As I understand it a collapsible inner was used in the UK from about 1970, the full energy absorbing from rubber bumpers on. The Parts catalogue shows separate inners and outers prior to 1970, but only a complete assembly for the later two.

Whilst the inner in the middle column does move up and down when the UJ is not fitted, it may well not come all the way out, at least until the upper bearing/bush is removed.

It may also not come out of a GT with the outer in-situ unless you have a Webasto.

Hit it harder, with a bigger hammer.
Paul Hunt

Yes you must just hit harder, be braver.
The inner will not just come out, as it needs to be removed from the bottom anyway on a column of your type. An earlier one you might have got away with...but still unlikely in a GT due to length.
Your column will likely be an early collapsable type as Paul says, but it should not break from hitting provided you are bracing the wheel with your knees. Just hitting the column is asking for trouble very loudly.
There is an extra column type, not shown in the parts lists for some reason. It's basically the earlier 69 column with a 70+ end on it for the steering wheel and switchgear etc. The outer is also slightly different for the locating tang on the later switchgear.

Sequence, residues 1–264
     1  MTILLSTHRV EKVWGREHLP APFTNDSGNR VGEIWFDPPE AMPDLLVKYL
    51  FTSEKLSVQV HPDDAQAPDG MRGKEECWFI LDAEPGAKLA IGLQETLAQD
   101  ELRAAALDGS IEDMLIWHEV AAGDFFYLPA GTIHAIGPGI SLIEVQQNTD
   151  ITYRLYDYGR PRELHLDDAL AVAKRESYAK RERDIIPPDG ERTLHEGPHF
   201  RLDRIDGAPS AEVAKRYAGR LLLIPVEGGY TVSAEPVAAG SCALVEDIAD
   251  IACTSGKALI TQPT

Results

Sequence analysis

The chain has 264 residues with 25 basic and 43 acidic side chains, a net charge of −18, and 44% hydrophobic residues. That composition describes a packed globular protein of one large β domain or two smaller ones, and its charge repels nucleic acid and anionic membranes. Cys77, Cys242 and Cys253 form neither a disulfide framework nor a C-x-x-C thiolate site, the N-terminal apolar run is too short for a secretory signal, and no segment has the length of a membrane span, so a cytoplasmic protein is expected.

Going back to the problem at hand though...just go crazy with the 2 hammer method but do make sure to firmly brace the wheel. If you collapse the column you'll have even more 'fun' on your hands!
Roadwarrior

I removed mine 3 years ago, which I believe is the first time that the steering wheel has been removed since 1972, using a hub puller as in this photo.

http://www.richardthompson.co.uk/mg/rebuild/mywork/p1070148.htm

I removed the bolts used to hold the wheel to the boss and inserted two longer bolts so that the load from the puller is spread over as many threads as possible. If you donít do this the puller will pull the shorter wheel retaining bolts out of the boss and strip the threads in the boss which is cast aluminium.

I had soaked the splines in WD40 the night before. This worked fine for me and I did not need to resort to major hammer action.

Hope this helps.
Richard.
Richard Thompson

Freeze spray
It's the best stuff known to man.
Take the nut off, spray the hell out of the shaft
If you have the shroud off give the shaft behind the wheel a good spray as well, screw the nut back on a couple of threads to protect your nose, and get a grip of the wheel at 3--9 o'clock positions and pull like you've never pulled before, wiggling the load from one side to t'other while you pull-----------ah it's off
willy
William Revit

Well it's off, but I'm sorry to say I had to cut it off in the end. I tried all the above methods to no avail, and all the pulling, pushing, banging and crashing was hastening the demise of the already ropey UJ.